courtesy Evil Hat website

Over the last few years, my best friend has done an amazing job at wrangling a far-flung group of friends into playing D&D over Google Hangouts. All of us are in different parts of the world, from Los Angeles to Rwanda, so it takes a good deal of planning to get everyone’s schedule lined up correctly. It’s worked out for the most part, and about once or twice a month some of us get up early (or stay up late!) and get our video chat on to play.

It’s been super fun. The difficult part is getting into a groove- because not all of us are generally available for any given session, we’ve been playing a lot of one-shots instead of progressing through our main campaign. Anyone who’s played Dungeons and Dragons knows that it takes time to develop chemistry and camaraderie, and fortunately we have that- we’ve all known each other for more than ten years, since high school. It makes the one-shots go more smoothly since we can just jump right in and start improvising.

We’ve been playing together for long enough that we’ve started taking turns at GMing, and even though things don’t always go according to plan we always have fun. I’ve started to think about how I might run my own game and it’s got me feeling both inspired and a little nervous.

There are approximately one million tabletop RPGs and they all have different appeals. I’ve thought about making a D&D campaign or one-shot but I’m intimidated by the amount of numbers. I instead went with a different game. What I want to run is Blades In the Dark, a tabletop RPG that focuses more on storytelling than mechanics, with less stop-and-start than D&D. At least, that’s the idea behind it. I’m working my way through the rulebook and it seems overwhelming but I’ve been assured that a lot of the systems become much more clear through play. There are even sections in the rulebook where the author makes a point to say, “We know this sounds complex, but don’t worry about it your first couple of times through” as if anticipating my nervousness at tackling a brand new system.

On Splitscreen, Kotaku’s podcast hosted by Jason and Kirk, they discuss what it was like to play D&D for the first time- and Cecilia mentioned Blades as a great alternative for people looking for an alternative to D&D. I think I had just ordered the game online when she mentioned it, so I feel heartened and encouraged to dive in.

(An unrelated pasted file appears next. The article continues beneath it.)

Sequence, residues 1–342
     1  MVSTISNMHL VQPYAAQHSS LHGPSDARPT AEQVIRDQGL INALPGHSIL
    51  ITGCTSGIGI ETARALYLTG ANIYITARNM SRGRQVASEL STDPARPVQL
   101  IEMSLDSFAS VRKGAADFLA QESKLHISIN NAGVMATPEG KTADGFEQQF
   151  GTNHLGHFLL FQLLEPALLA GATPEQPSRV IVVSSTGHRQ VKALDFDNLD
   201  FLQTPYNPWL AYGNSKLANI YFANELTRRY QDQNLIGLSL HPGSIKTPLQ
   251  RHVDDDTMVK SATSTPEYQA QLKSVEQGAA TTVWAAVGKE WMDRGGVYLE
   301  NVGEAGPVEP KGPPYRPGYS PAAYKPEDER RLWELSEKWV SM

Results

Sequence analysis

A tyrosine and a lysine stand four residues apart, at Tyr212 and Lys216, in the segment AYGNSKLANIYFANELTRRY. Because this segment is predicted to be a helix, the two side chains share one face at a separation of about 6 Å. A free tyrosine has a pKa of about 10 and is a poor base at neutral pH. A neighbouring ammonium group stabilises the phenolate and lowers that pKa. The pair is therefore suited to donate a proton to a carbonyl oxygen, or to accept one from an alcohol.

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I have a group ready and I’m making an effort to get everyone familiar with the rules and roles but I know that for the game to run smoothly, I’m going to have to delve in and learn the game inside and out. It gives me just a touch of anxiety. The time commitment concerns me; I’ve been on Reddit and seen the amount of hard work that people put into their campaigns. From my own experience, I know that the more work the GM puts in, the smoother the game will run- and not just from a rules perspective, but from a lore and worldbuilding one. I like to think that I’m fairly creative but it feels like a lot to carry on my shoulders!

However, I know that I have a huge support base. There are entire online communities devoted to this one game and its variants. My D&D friends are all about committing to making the best game possible, and everyone pitches in with worldbuilding. The hardest part of all- finding people to play with- is already solved. I know that I’ll be able to muddle through the basics but what I want is for the game to be memorable and something that we can keep going back to. I’ve heard about campaigns and characters that last for months and even years at a time and I’d honestly love to get to that point one day.

Learning to run an RPG is a crucial part of learning about game design and I’m excited to see what I glean from the experience. All I can do is prepare, let it fly, and write down what happens to the best of my ability.